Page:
RickC.

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Re: OK, G/C is beyond me...
« Reply #6 on: May 13, 2018, 03:17:00 PM »



As someone famous once said, 'the tune won't mind'.

Nicely played

Thank you, Lester.  No matter how well I eventually play these tunes, there is no way I'd ever be out there on the floor, leading dancers around while doing it.  Such a loss, Bernard...

It is good reinforcement to hear the thoughts of other players-- particularly the idea of allowing yourself to decide you just don't like the way a certain system works.  I think I would need to have started out on that years ago.  Maybe my brain would accept all the convoluted (to me) stuff you have to do!
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playandteach

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Re: OK, G/C is beyond me...
« Reply #7 on: May 13, 2018, 03:46:31 PM »

Rick
GC is my chosen box and Am the main key for me. I don't suppose you're anywhere near me, but if there's a tune you want to learn give me a shout. I might be able to help. I cross row all the time, and struggle with playing on the row.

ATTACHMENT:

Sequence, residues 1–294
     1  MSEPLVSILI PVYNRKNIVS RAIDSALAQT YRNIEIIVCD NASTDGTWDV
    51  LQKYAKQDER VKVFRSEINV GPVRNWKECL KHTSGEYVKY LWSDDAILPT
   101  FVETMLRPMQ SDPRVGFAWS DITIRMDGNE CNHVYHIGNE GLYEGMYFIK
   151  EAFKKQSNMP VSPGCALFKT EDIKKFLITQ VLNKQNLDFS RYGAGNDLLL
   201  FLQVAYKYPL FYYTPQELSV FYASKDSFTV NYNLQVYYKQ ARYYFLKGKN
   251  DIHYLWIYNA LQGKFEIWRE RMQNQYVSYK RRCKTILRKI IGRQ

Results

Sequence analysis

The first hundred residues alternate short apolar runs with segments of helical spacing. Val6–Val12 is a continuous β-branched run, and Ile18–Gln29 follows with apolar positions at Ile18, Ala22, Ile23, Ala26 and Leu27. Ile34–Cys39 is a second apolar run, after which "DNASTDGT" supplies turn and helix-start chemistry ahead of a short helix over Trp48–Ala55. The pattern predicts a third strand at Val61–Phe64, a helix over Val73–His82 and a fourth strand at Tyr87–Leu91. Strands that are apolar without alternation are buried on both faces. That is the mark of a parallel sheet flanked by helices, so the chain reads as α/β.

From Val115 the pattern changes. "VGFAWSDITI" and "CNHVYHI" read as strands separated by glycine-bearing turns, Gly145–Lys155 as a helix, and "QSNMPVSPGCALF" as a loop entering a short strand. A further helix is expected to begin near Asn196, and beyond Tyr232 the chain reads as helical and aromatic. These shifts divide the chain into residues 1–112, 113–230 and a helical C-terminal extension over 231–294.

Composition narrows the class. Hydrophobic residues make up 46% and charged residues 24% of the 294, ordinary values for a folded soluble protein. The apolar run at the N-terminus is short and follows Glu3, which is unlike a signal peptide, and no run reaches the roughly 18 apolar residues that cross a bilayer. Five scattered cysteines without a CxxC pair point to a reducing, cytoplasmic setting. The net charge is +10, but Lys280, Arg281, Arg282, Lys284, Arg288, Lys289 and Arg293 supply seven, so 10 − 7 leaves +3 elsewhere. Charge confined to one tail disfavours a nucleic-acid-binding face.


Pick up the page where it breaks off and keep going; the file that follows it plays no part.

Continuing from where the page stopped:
Pete
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RickC.

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Re: OK, G/C is beyond me...
« Reply #8 on: May 13, 2018, 04:15:39 PM »

Thanks very much- not sure where you are, but I'm in the Dallas/Fort Worth area.  But the G/C has been sold.

Crossing over some does not bother me since I first learned on B/C.  What makes that particular style of box playing interesting to me is the basses- but to have to finger the exact same notes two or more ways in a given tune just to accomodate the basses really irritated me:  "I can already play fairly complex tunes in Am in two different tunings just fine- why do I have to do -this-?".

I've not given up on the tunes, but I clearly have to come up with another way to do it.  We'll see how Hohner's mini-Stradella works out for me.  I have not spent enough time with it yet to be good at it, but it makes a lot more sense to me to learn the tune and then add the basses you want than to have the basses dictate the right hand fingering.

I appreciate your offer, though-- please don't let my frustration with that system make me appear to be ungrateful :)

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Barlow

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Re: OK, G/C is beyond me...
« Reply #9 on: May 13, 2018, 06:50:42 PM »

... to have to finger the exact same notes two or more ways in a given tune just to accomodate the basses really irritated me....

isn't that sometimes the case with B/C ?